Common Causes of CT Car Accidents (& How to Avoid Them)

May 24, 2021

By several measures, Connecticut drivers are among the safest in the nation. Nonetheless, every year more than 200 of our state’s motor vehicle occupants die in crashes, and thousands more suffer serious injury. With these life and death consequences, it’s vital to learn how these accidents happen. Armed with that knowledge, you can keep yourself safe and minimize your car insurance premiums.

Know the Multiple Dangers of Alcohol Consumption

Nearly two out of three fatal Connecticut road accidents involve a driver with a blood-alcohol level above the legal limit. Decades of research have established that alcohol impairs your reaction time and judgment. More recently, Spain’s University of Granada discovered that drivers with a blood-alcohol level above the legal limit suffer impaired night vision. The study noted that alcohol-impaired drivers see blurry halos around bright lights, further compounding the hazards of nighttime driving.

Connecticut’s penalties for all drivers under the influence of alcohol are severe, with under-21 drivers held to more stringent standards. The way forward is clear: If you are going to consume alcohol, arrange for transportation beforehand. With that commitment in place, it’s worthwhile to examine another cause of impaired driving.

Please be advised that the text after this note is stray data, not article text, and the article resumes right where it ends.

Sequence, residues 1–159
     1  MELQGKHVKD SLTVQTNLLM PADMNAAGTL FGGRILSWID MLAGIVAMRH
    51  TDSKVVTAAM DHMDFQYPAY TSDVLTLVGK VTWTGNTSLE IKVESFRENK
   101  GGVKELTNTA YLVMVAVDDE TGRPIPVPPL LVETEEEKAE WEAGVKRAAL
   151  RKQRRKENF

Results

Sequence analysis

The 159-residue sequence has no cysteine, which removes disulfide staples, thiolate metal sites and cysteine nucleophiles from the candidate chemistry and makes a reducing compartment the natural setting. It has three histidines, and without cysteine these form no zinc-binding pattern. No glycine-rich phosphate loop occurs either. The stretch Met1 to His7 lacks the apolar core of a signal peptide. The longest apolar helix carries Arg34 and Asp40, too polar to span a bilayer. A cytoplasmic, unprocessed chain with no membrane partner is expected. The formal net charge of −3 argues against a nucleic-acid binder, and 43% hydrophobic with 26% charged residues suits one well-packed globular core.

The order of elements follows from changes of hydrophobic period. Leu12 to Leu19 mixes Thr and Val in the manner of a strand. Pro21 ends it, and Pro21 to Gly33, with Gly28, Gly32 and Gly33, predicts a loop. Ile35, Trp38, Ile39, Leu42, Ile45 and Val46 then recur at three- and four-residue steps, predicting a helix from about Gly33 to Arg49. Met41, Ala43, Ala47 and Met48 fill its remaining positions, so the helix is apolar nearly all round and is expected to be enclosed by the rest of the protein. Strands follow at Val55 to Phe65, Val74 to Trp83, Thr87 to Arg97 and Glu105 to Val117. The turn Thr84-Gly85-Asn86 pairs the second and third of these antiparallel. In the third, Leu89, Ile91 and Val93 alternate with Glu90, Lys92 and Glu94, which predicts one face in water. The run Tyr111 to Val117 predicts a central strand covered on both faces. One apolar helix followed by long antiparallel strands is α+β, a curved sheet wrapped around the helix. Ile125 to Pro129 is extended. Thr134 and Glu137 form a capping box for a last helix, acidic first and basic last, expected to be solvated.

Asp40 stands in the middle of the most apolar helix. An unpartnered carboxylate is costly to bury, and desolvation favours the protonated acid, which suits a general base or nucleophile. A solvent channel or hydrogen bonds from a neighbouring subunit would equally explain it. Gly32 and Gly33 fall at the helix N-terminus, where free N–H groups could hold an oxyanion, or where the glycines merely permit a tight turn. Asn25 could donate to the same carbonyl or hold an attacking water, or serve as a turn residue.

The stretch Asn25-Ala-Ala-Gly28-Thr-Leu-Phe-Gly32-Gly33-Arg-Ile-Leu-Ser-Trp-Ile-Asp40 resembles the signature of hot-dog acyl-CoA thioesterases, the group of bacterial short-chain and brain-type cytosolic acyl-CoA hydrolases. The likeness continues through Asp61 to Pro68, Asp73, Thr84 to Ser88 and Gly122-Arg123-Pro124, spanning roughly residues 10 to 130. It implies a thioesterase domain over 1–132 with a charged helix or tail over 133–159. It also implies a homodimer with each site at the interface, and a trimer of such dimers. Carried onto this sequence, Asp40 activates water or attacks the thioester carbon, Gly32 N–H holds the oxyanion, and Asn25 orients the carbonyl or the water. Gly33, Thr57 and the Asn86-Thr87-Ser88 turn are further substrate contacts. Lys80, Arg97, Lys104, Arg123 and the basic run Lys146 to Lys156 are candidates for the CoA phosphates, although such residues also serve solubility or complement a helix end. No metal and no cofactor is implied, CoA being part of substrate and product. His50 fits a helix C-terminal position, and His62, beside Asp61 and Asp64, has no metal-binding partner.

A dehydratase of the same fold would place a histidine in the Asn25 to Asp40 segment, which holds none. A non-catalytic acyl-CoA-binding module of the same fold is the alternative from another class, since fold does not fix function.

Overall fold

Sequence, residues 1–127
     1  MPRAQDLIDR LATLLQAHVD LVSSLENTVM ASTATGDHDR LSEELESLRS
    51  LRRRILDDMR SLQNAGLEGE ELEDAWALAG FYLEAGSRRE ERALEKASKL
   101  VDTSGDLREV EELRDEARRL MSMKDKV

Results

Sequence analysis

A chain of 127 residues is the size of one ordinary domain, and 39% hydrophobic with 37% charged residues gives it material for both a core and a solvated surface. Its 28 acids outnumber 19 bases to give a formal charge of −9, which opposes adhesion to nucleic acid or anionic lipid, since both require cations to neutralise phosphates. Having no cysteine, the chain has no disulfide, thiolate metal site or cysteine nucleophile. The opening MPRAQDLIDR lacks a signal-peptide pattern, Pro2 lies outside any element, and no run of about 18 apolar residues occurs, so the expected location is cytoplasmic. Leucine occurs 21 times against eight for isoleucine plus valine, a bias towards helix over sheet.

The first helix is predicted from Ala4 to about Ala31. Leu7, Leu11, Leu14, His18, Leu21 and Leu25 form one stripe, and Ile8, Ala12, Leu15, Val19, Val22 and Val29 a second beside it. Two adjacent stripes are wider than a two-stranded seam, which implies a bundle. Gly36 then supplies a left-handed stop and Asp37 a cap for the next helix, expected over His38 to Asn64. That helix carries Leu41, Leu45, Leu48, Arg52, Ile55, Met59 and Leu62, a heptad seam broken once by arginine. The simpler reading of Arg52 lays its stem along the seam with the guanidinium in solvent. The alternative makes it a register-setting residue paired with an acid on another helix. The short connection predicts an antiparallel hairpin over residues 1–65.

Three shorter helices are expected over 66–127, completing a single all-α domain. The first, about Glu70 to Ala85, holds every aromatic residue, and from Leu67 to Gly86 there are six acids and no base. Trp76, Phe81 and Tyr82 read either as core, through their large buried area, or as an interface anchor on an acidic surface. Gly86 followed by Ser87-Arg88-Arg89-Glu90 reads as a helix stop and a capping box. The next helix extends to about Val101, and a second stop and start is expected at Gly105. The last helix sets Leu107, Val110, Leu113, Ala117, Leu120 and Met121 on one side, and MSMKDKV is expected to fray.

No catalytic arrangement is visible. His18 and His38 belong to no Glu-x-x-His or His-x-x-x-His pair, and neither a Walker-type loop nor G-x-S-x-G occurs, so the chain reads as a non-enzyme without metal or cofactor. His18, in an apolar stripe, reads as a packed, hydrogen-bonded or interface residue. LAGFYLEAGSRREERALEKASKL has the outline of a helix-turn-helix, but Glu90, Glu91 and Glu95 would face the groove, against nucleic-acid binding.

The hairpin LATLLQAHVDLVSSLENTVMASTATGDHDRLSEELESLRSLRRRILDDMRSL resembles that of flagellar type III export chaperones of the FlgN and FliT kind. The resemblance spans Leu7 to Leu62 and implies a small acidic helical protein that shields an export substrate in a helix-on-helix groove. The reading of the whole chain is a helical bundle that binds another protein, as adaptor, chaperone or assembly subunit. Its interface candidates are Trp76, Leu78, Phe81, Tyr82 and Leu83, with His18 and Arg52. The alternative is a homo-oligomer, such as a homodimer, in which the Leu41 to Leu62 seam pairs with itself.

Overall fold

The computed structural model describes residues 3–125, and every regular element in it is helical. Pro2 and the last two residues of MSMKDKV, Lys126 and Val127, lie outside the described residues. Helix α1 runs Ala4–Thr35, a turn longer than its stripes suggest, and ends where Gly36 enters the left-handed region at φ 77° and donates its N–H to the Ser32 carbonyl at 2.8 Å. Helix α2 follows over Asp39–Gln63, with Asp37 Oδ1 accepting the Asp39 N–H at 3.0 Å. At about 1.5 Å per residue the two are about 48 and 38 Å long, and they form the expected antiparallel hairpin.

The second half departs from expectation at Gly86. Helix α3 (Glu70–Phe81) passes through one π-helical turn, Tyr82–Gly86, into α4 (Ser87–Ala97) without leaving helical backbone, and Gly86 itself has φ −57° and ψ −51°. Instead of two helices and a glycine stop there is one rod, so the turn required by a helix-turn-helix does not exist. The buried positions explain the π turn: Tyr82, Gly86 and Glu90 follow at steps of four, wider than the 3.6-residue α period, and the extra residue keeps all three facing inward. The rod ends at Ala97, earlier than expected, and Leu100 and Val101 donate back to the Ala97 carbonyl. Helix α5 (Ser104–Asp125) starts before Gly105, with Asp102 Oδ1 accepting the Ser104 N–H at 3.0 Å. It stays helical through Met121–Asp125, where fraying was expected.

Understand the Consequences of Fatigue

Unfortunately, many drivers who would never dream of driving drunk are all too willing to drive drowsy. A 2010 study by the National Highway Traffic Safety Administration estimated that fatigue played a role in one out of every 40 fatal crashes. A 1997 study on workplace accidents found that going 20 hours without sleep is comparable to having a blood alcohol level of 0.08%, Connecticut’s standard for drunk driving. To drive safely on our state’s roads, resist the societal pressure to power through fatigue.

Learn How to Deal With Tailgaters

While estimates vary widely, tailgating – following the vehicle ahead too closely – leads to numerous fatal crashes every year. Safely spacing your car to the automobile ahead is a no-brainer, but how should you handle a driver clinging to your car’s bumper? Changing lanes is the short answer, but the correct technique is essential.

  1. When a safe lane change opportunity appears, flash your turn signal.
  2. Pause for three audible clicks.
  3. If the following driver is still holding station, make a smooth lane change.

That three-click pause is vital. Annoyed by a tailgater, many drivers lurch into an adjacent lane to rid themselves of the automotive pest. If the impatient trailing driver simultaneously makes the same move, a tail-end collision becomes likely. Use your mirrors, keep your cool and avoid becoming a tailgater’s victim.

In reviewing the ways of reducing road accidents, common sense and consideration for other motorists form the foundation.  Leading by that example is the path to safety for you, your passengers, and your fellow motorists.

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